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Pacific Regional heads stand up against pirate fishing

Fiji Daily Post 13-May-2009 09:03 AM

A MOVE by the Parties to the Nauru Agreement (PNA) that include the Federated States of Micronesia, Kiribati, Marshall Islands, Nauru, Palau, Papua New Guinea, Solomon Islands and Tuvalu have come down hard on pirate fishing. They now support the closure of all high seas areas to clamp down on pirate fishing and the move has been applauded by Greenpeace. Greenpeace Oceans Team Leader Lagi Toribau said in a statement that Forum Fisheries Agency (FFA) member countries should now use this precedent to increase their bargaining power to achieve closure of all the high seas pockets.

“The remaining two pockets are bound by Fiji, Solomon Islands and Vanuatu and to the central Pacific high seas bound by Kiribati, Cook Islands and French Polynesia EEZs,” he said. Speaking from the 70th Forum Fisheries Commission Meeting in Niue, Greenpeace Oceans Campaigner, Josua Turaganivalu said this could be accomplished through an agreement by these countries similar to the PNA third implementing arrangement, which closed off the first two high seas pockets.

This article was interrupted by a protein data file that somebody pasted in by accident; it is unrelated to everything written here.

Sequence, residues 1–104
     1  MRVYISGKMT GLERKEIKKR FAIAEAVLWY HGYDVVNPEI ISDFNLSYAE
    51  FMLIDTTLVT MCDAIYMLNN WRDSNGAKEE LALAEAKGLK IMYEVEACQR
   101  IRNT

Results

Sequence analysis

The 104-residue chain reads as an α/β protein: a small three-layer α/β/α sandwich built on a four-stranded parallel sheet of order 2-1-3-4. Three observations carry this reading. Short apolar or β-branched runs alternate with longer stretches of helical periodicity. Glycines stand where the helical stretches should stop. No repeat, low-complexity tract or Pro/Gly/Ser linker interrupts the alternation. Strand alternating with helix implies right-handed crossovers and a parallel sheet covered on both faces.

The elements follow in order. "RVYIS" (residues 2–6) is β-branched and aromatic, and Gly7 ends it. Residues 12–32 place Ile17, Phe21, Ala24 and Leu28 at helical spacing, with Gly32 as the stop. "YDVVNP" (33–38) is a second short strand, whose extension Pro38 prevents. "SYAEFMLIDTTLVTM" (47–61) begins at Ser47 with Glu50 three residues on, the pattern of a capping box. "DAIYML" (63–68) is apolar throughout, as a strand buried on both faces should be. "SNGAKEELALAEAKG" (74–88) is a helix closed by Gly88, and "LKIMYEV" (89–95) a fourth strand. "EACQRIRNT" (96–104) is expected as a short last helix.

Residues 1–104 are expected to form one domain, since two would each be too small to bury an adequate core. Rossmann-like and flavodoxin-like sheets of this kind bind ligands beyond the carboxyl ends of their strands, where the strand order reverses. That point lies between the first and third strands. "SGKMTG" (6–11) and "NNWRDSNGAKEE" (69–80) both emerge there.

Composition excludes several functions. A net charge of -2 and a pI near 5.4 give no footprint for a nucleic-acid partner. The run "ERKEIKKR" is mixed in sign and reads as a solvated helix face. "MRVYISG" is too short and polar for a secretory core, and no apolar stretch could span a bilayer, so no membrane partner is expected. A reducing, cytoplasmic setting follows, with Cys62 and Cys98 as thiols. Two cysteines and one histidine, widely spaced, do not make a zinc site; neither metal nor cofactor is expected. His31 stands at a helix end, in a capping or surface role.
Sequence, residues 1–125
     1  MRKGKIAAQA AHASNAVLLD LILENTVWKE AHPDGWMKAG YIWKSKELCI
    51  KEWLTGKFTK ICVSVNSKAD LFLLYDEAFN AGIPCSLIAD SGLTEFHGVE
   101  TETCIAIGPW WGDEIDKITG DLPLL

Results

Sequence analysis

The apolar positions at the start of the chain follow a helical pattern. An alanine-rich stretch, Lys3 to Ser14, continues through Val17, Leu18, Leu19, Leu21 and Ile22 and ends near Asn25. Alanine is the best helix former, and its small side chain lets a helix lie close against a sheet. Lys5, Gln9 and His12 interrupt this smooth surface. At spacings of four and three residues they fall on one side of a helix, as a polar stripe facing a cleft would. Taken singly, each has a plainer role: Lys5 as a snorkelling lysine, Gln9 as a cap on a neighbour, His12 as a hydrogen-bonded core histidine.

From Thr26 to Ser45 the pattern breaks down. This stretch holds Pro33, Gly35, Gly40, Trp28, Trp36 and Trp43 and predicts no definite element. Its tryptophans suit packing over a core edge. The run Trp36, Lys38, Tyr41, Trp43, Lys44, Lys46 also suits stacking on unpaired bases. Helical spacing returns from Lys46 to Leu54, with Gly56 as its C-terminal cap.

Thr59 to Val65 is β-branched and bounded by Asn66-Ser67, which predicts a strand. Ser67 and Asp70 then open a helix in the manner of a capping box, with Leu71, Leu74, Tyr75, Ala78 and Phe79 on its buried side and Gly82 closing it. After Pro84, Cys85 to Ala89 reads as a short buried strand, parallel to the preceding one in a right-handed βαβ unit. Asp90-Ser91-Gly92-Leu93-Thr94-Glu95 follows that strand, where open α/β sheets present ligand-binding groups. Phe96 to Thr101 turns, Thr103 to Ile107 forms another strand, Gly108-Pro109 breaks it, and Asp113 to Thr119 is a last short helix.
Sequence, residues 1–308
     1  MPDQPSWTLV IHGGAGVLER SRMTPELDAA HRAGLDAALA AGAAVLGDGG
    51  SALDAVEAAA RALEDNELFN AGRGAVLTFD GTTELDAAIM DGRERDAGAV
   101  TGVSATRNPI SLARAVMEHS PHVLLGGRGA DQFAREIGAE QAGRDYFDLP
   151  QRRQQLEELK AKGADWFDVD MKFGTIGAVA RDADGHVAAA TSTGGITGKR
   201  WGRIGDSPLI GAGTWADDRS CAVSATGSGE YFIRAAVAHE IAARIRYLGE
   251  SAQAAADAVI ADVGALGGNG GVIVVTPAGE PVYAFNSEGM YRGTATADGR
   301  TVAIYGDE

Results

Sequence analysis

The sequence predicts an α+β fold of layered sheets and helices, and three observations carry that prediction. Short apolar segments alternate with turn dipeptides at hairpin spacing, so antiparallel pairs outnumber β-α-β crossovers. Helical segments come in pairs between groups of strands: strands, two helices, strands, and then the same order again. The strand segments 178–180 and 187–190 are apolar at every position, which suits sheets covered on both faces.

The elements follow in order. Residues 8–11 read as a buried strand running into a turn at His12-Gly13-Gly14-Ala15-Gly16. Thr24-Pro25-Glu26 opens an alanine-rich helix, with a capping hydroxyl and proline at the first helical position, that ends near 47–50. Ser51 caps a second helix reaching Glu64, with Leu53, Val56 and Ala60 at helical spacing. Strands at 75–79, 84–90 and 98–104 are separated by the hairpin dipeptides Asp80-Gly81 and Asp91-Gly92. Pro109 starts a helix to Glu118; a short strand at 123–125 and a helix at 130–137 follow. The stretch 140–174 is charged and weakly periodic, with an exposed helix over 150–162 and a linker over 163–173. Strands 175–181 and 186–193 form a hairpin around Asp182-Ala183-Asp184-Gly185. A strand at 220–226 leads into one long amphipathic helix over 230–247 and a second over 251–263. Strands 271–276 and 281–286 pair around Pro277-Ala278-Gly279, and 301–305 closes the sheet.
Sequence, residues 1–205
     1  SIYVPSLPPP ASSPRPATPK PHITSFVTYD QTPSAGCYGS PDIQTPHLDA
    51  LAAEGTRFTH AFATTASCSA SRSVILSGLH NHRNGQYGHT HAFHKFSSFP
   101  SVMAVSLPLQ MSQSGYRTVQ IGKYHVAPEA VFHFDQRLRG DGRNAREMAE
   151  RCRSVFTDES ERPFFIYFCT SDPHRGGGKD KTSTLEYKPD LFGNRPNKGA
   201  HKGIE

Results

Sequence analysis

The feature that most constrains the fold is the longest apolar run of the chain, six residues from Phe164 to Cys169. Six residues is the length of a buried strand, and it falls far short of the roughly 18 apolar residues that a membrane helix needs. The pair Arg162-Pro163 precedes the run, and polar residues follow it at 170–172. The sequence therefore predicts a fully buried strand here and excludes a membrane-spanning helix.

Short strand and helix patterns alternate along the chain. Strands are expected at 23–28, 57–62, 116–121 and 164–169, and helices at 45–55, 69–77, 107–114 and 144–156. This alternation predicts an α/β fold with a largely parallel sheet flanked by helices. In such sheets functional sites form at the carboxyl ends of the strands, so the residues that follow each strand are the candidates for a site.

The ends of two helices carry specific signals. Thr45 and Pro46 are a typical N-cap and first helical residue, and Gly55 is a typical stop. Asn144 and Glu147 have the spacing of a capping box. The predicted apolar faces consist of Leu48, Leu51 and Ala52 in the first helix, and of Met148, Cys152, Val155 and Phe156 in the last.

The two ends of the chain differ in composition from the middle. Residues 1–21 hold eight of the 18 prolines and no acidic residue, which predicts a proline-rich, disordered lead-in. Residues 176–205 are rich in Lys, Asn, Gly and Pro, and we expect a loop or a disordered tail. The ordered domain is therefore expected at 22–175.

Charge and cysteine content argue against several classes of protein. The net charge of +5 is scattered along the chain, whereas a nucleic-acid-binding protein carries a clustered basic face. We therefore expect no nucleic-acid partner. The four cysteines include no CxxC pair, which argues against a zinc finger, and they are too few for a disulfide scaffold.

Turaganivalu said PNA countries were showing leadership and sent a signal to the world that the Pacific region was serious about sustainably managing the world’s largest remaining tuna stocks. Toribau said this bold move should be commended by FFA members to Pacific Island Forum leaders for endorsement.

“An agreement by Pacific leaders at the Forum in August would signal for regional solidarity as stated in the Leaders Vava’u Declaration in 2007,” Toribau said.

Greenpeace has been campaigning for the closure of the high seas pockets to halt pirate fishing in the region and to reverse the declining trend of the regional bigeye and yellowfin stocks.

Creating high seas marine reserves will also be essential to help build resilience in this vulnerable region to climate change. In May last year the eight PNA countries signed a historic arrangement that stopped fishing in two high seas areas by imposing a licensing condition on vessels accessing their waters.

This move triggered the Western and Central Pacific Fisheries Commission (WCPFC) to agree to a closure of the high seas pockets to purse seine fishing vessels.

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